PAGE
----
Wallabies scrum can lead them to glory

Dominant scrum has been a hidden expression for the Wallabies for several decades.

However in this World Cup, they have brought a pack with technique, power and passion which is giving them increasing hope they, rather than the tournament favourite All Blacks, can win a third title.

Remember Scott Sio, Stephen Moore and Sekope Kepu because they should be names being painted in bold pictures in Australian rugby instead of their daring-do backline stars.

They are a front-row giving hope to the Wallabies that they can emulate the men from 1991 and ’99 who won World Cups in the UK. They are a trio to finally rival the Ewen McKenzie, Phil Kerans, Tony Daly combination who laid down the markers in 1991.

For some time the Wallabies have been pounded from all angles about this part of their game, taunted about their eight on skates or their pussycat pack.

Not now, not after another impressive effort when their scrum signposted the way to a spirited 15-6 victory against Wales at Twickenham and the prize of a quarterfinal with Scotland.

AUCKLAND, NEW ZEALAND - AUGUST 25:  The Wallabies sing the national anthem before The Rugby Championship Bledisloe Cup match between the New Zealand All Blacks and the Australian Wallabies at Eden Park on August 25, 2012 in Auckland, New Zealand.  (Photo by Simon Watts/Getty Images)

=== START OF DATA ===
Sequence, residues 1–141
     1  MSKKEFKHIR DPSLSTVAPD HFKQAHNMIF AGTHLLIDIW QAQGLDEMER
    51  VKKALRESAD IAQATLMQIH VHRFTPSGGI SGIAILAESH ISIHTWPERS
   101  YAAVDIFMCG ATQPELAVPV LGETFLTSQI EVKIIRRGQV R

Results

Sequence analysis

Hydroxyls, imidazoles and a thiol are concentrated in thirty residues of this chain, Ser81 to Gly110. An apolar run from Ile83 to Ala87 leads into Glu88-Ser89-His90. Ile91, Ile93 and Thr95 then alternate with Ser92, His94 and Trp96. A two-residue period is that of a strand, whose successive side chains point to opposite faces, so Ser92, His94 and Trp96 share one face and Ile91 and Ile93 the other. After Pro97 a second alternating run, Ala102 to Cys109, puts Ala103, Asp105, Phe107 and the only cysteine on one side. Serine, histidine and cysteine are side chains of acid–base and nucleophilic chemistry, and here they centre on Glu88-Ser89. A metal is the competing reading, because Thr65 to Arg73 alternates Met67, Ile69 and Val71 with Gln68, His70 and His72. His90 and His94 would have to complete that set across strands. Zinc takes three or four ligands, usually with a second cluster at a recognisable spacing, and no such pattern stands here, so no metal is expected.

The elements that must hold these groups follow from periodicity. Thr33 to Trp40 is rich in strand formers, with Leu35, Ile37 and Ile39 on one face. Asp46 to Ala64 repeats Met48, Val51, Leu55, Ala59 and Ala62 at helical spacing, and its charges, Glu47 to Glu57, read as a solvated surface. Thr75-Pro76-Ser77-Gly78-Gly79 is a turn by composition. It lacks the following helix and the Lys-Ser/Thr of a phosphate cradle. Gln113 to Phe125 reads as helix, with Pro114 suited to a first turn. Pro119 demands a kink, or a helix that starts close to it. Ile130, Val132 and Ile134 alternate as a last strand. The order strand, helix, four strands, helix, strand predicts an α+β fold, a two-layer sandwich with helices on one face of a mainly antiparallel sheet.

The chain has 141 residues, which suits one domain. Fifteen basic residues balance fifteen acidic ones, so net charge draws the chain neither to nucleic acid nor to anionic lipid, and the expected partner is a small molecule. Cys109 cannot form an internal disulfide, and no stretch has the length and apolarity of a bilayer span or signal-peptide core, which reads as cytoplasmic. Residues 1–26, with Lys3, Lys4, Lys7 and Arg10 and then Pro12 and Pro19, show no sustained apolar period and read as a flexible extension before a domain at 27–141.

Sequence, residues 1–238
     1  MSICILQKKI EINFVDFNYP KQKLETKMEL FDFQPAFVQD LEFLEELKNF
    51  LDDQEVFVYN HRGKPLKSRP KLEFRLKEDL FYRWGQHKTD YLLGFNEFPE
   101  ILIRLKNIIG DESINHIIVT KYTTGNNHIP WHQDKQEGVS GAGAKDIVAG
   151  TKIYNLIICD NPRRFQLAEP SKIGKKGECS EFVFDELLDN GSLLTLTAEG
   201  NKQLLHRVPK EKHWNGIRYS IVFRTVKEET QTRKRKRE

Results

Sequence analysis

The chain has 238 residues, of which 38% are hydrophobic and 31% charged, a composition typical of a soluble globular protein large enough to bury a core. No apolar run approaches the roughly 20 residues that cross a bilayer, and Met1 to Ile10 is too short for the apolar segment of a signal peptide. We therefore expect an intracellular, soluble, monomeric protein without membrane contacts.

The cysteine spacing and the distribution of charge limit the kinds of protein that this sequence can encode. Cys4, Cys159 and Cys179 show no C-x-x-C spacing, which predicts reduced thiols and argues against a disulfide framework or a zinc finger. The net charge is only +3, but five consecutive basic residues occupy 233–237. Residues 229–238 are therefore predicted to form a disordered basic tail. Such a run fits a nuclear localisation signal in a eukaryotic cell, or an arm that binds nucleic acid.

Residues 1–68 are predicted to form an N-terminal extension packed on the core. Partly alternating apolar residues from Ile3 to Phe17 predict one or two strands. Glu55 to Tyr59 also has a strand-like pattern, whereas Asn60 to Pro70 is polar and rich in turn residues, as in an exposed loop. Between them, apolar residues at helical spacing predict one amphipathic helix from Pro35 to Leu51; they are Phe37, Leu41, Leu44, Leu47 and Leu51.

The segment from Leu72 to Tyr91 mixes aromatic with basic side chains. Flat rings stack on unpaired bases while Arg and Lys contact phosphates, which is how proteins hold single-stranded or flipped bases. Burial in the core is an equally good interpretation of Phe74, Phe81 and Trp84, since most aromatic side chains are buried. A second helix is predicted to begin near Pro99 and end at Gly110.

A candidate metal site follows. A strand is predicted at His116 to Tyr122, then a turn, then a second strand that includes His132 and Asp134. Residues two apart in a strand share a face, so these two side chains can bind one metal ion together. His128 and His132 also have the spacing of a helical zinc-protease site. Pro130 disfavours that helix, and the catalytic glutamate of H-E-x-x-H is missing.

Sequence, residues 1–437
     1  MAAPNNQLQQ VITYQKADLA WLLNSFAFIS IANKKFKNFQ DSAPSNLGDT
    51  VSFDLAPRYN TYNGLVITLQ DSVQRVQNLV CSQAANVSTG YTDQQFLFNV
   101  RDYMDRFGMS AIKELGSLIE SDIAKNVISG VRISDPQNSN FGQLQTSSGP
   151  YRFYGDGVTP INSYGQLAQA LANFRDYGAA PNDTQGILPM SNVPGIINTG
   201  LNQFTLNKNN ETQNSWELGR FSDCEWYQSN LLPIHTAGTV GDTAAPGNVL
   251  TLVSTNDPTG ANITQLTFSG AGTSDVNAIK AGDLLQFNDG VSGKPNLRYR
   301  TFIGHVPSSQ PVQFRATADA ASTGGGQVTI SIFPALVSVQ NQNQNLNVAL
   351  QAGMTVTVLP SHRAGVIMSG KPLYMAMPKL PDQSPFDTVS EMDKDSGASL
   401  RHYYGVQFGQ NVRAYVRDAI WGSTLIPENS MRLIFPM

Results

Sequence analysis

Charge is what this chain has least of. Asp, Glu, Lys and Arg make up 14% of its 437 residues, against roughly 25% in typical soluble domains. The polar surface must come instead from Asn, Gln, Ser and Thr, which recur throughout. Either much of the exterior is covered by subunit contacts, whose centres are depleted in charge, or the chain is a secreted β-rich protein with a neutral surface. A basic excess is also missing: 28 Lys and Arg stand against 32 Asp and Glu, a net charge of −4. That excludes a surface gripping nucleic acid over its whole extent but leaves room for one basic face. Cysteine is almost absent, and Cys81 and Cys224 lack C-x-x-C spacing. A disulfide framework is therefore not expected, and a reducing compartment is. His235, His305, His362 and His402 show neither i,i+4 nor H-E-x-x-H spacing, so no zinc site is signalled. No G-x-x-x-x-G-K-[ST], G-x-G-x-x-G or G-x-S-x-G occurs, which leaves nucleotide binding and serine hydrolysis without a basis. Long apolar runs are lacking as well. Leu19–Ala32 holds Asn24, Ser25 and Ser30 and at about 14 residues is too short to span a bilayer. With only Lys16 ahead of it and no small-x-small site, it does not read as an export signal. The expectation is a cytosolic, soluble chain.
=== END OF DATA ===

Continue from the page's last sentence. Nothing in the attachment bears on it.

Whatever former Pumas hooker-turned Wallaby mentor Mario Ledesma has taught his new troops has been gold. Even when the Wallabies had two men in the bin and were wedged on their line for a succession of scrums, they did not buckle.

Once Welsh tight-head prop Samson Lee was replaced, his replacement Tomas Francis struggled and that was crucial as the Wallabies were down to 13 men in the second half after Will Genia and Dean Mumm were sinbinned.

Wales missed a try to Toby Faletau on a TMO ruling he lost the ball and could not get a proper scrum nudge to prosper from their mounting penalty advantage. They battled on but apart from the opening minutes rarely found any scrum advantage against the new shape of the Wallaby pack.

It is the transformation story of the season and this tournament.

Most sides at the RWC have delivered newer faces into the headlines but the Wallabies scrum has been the most potent upgrade in the crucial set-piece areas of the game.

Scrums may be a tedious part of the game for many but without an effective unit, there are few sides who survive. The French have long said ‘no scrum, no win’ and the Wallabies have felt that pain. They’ve won but wobbled.

Sio, Moore and Kepu have steadied that theory. Moore and Kepu have been around for some time while Sio has pushed through to stabilize the loosehead side of the scrum.

The Wallabies and scrum power have been disconnected but right now they are the next big thing at the Word Cup.

About Michael Faga

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